This is the age of the computer. They are putting computers into the schools and teaching kids in the primary grades to use them. I wouldn’t know a silicon chip if I met one and “software” means flannelette pajamas to me, but my second-grade grandson understands these terms.
High technology has wrought many wonders. When I was a child, we washed our clothes on a washboard, an instrument most children of today wouldn’t recognize if they saw one in a museum.
A washboard is a flat, wooden-framed, two legged piece of rippled metal that stands in a tub of soapy water. A second tub holds rinse water, a third holds bluing water. The three tubs sit on a wash bench. The clothes are wrung by hand.
My mother had very strong hands and arms. She could wring a quilt and get all the water out of it.
In all kinds of weather, the clothes were hung on an outside line. Sometimes they froze stiff. In rainy weather, it might take days for them to dry.
The first washing machines were clumsy brutes, hand-powered, but what a treasure women of that generation considered them, especially after the kids got big enough to furnish all the power.
The electric washing machine was a godsend. But the clothes had to be fished out of the hot suds and hand-fed through a wringer into a basket. Wringers were dangerous, too. Once my small daughter grabbed at something going through the wringer. Her arm went through, up to her elbow. Frantically, I hit the release bar. Fortunately, her bones were still soft and she wasn’t injured, but the experience left me shaken for days.
In those days, the clothes still had to be dried outside, unless one was lucky enough to have a large basement. In any case, clotheslines and clothespins were the means of drying.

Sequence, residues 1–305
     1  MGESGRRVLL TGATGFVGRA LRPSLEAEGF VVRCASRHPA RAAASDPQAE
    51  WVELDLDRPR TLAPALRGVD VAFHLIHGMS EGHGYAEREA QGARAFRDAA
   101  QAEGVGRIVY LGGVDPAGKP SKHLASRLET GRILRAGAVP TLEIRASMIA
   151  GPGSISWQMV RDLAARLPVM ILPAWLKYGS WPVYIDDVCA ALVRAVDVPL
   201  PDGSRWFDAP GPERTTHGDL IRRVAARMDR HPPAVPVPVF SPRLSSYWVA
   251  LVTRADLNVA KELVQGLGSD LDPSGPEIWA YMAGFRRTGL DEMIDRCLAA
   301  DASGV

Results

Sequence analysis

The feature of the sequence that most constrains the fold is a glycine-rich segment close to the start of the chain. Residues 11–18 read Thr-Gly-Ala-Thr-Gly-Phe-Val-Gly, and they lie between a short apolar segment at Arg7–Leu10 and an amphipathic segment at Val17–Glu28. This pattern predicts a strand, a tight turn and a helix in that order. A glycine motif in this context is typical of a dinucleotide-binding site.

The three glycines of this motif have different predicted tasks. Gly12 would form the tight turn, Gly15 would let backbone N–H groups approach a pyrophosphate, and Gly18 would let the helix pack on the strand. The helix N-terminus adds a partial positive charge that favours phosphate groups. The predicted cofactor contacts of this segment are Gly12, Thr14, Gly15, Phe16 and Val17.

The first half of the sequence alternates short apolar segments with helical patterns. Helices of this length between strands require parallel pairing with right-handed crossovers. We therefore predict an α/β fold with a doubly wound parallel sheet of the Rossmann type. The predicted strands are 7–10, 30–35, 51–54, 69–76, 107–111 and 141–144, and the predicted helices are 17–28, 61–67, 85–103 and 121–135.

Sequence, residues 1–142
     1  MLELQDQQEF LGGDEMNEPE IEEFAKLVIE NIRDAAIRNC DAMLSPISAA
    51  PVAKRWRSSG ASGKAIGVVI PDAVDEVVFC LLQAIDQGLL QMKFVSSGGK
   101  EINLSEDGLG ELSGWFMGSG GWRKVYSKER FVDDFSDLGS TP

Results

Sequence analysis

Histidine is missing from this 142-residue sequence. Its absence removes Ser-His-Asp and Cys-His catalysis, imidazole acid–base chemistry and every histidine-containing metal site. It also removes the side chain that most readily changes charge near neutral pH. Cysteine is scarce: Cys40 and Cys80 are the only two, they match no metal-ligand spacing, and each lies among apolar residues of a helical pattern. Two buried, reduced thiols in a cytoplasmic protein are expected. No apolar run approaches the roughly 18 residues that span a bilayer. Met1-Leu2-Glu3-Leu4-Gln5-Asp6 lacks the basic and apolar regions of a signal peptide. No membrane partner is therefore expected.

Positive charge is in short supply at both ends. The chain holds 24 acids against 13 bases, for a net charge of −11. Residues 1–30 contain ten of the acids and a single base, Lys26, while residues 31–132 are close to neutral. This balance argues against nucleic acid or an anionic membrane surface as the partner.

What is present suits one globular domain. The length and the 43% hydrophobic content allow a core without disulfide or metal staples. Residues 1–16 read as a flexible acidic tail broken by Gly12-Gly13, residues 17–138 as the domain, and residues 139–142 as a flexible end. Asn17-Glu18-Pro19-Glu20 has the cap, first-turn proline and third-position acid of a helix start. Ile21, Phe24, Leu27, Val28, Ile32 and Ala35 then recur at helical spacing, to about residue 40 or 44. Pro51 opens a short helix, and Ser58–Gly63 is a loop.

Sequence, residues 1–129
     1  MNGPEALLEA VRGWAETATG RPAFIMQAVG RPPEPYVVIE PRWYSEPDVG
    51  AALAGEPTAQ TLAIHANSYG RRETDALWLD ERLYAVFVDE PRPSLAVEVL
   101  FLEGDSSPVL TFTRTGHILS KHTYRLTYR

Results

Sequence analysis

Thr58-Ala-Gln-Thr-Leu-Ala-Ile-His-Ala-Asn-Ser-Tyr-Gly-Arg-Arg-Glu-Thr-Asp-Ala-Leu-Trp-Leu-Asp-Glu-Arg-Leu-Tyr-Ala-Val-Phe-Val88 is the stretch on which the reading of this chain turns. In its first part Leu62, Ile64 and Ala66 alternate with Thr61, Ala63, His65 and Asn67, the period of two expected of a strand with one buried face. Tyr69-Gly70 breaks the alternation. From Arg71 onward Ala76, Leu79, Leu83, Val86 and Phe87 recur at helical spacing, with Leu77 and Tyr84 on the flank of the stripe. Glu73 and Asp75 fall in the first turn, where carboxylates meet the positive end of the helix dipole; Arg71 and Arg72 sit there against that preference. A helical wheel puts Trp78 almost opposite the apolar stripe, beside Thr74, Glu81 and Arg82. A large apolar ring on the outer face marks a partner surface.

Once I dropped a clothespin on the basement stairs. Later, I stepped on it. It rolled. I fell down the steps and broke my leg.
That type of machine was a very far cry indeed from today’s machines that at a touch of a few buttons will fill the washer with hot water, wash the clothes a prescribed number of minutes, spin them almost dry, replace the water, rinse, and spin them out, ready, not for a weather-beaten clothesline but for another machine with another set of buttons, a dryer.
Recently, we have been reading that some day before too long, we may have a computerized washer-dryer connected to a computerized clothes chute, thus doing all these lowly chores on order of a pressed button, so that an ever-ready supply of clean clothes will always be at hand.
How would our grandmothers have reacted to such a machine? They might be scared to death of it at first sight, but if history is any guide, they’d soon be pushing the requisite buttons, just as their great-grandchildren are learning to handle computers.
Although I know that high technology is a foreign language I will never understand, I mean to take advantage of all the ways in which it can improve the quality of my life.
-From June 6, 1985